East Africa, EU set Nov deadline for trade deal

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The East African Community (EAC) trade bloc and the European Union have set November as the new deadline for signing a trade deal, a top Kenyan official said.

The EAC and the European Union have been at loggerheads for months over the signing of new an Economic Partnership Agreement (EPA), which was meant to replace preferential trade deals the World Trade Organisation has rejected.

The five EAC members, Burundi, Kenya, Rwanda, Tanzania and Uganda, initialled the EPA deal in 2007 and secured continued EU market access for their products.

The countries have however failed to sign the agreement, meaning there are no legally binding pacts. The deal was meant to be signed last July, but the deadline passed due to disputes over trade and development issues.
“It was agreed that the deadline to conclude full EPA is November 2010,” David Nalo, the permanent secretary at Kenya’s East African Community Affairs ministry, told Reuters after a three-day meeting between negotiators from the European Union and the EAC in Dar es Salaam, Tanzania.
“The EAC and the European Union agreed to maintain status quo. Preferential access continues until full EPA is signed.”

The European Union said in February it wanted a clear timetable for signing the deal, but Tanzania’s trade minister said then that the EAC would not budge unless Brussels gave firm commitments on development assistance, especially for infrastructure.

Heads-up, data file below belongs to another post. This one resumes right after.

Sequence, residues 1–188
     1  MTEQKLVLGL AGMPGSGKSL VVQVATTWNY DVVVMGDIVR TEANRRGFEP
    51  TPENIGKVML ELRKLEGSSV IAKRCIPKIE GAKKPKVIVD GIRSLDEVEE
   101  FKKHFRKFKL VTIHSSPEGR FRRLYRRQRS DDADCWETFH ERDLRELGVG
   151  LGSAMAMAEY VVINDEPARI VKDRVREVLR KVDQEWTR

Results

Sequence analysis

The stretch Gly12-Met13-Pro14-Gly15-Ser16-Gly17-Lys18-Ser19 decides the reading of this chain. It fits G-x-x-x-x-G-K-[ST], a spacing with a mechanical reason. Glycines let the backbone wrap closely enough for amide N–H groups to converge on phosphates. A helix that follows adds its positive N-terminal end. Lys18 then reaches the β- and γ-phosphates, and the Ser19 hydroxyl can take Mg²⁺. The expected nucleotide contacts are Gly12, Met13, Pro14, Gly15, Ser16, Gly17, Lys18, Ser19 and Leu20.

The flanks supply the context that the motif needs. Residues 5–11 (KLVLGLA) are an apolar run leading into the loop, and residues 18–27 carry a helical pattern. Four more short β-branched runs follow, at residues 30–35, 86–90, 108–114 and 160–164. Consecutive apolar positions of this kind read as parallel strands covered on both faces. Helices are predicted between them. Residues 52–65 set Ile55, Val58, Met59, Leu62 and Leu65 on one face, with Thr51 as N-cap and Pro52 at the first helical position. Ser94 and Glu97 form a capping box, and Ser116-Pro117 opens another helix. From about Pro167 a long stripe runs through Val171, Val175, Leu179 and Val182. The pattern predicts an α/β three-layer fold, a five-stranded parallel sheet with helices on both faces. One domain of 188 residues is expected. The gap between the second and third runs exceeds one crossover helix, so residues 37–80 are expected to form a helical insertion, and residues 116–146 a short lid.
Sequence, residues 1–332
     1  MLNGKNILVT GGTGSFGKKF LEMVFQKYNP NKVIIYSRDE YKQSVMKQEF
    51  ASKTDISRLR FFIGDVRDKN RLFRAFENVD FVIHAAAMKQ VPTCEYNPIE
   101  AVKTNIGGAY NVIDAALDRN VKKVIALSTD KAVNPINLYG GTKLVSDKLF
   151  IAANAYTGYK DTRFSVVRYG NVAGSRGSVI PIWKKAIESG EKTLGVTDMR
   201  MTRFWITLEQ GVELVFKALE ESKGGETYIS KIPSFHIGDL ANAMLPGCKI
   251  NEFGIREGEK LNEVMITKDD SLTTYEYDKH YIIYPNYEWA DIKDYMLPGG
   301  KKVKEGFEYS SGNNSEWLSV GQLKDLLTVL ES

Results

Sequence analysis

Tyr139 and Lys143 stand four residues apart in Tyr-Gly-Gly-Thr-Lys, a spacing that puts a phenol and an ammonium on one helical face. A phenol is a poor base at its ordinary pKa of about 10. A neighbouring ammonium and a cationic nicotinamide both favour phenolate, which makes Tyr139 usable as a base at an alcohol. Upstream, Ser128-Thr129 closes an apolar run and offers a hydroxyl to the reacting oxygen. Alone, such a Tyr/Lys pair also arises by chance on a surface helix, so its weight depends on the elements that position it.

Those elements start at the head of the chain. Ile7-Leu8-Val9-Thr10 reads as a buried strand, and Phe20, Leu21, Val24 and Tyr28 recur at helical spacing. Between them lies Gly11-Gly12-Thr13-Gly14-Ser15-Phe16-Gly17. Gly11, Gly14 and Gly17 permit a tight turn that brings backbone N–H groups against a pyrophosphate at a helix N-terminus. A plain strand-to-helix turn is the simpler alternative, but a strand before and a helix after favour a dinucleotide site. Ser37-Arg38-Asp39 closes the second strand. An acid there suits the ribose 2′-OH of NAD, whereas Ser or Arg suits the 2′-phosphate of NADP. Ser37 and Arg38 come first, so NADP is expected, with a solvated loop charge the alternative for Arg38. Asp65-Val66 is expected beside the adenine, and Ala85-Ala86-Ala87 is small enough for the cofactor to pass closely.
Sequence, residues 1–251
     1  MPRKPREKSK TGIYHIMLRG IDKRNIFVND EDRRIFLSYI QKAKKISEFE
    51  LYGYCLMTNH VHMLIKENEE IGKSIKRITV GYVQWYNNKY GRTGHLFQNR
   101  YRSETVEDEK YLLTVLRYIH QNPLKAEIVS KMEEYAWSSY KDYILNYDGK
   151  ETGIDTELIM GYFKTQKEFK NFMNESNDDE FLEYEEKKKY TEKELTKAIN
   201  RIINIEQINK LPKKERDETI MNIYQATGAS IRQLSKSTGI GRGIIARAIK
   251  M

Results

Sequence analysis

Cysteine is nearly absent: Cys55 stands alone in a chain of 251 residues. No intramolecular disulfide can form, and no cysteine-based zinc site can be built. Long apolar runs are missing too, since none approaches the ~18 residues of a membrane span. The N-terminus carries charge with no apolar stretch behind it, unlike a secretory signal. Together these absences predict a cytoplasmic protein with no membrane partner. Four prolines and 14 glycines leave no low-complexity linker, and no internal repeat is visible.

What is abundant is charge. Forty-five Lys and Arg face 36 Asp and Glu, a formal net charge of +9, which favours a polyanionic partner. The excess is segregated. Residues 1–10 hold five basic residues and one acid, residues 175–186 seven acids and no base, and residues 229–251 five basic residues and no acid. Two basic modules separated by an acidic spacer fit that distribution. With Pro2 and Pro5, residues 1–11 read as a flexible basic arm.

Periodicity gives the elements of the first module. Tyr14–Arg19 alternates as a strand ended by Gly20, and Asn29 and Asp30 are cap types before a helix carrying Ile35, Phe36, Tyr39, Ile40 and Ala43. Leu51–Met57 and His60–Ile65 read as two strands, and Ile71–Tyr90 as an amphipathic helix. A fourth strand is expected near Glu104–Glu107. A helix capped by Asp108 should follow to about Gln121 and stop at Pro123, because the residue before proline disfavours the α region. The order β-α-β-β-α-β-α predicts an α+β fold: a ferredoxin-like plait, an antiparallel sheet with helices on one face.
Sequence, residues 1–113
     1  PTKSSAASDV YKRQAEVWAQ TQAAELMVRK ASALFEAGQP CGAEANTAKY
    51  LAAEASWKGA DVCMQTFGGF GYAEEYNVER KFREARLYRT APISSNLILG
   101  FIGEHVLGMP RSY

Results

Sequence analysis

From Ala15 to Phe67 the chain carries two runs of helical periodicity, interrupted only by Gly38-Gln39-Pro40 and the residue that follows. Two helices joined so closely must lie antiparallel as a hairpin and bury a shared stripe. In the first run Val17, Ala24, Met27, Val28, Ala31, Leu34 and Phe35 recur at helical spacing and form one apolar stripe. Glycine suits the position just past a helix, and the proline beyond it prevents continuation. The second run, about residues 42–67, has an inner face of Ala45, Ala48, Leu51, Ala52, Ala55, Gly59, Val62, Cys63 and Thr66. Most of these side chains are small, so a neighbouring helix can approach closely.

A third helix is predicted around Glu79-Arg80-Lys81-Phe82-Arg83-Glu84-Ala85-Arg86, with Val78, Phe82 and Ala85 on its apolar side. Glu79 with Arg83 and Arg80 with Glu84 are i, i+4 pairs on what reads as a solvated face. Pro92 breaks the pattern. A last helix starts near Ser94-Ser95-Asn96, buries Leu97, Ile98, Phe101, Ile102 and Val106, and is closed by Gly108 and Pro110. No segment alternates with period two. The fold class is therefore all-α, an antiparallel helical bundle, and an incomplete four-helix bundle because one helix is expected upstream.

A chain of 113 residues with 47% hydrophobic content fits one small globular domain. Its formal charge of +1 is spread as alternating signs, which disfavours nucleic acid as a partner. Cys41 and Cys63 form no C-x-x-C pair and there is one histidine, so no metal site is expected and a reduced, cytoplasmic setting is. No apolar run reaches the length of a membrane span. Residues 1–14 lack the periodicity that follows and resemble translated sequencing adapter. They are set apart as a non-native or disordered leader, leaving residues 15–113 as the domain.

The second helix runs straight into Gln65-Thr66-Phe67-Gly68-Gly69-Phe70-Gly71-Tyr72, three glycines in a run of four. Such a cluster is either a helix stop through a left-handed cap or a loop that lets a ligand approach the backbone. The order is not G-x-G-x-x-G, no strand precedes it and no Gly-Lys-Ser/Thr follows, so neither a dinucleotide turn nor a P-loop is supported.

Kenya to be greatest loser

East Africa’s largest economy, Kenya, stands to lose most if the EU deal is not signed as it is excluded from the classification of a Least Developed Country.

It would miss out on exporting goods to Europe tarriff-free under the Everything But Arms initiative, which other EAC members qualify for. Kenya would have to start paying duty of between 8.5%and 15.7%.

Estimates by Kenya’s Trade ministry show that loss of tariff preferences would cost Kenya investments worth $700 million and thousands of jobs in its horticulture sector that currently stands as one of the leading foreign exchange earners.

Nevertheless, Kenya has stood by its EAC partners in pushing for all issues to be resolved despite the danger it faces should it fail to sign the deal.

The EAC has a gross domestic product of $73.3 billion and a population of close to 127 million. It has a customs union, and a common market is due to take effect in July.



Source: www.af.reuters.com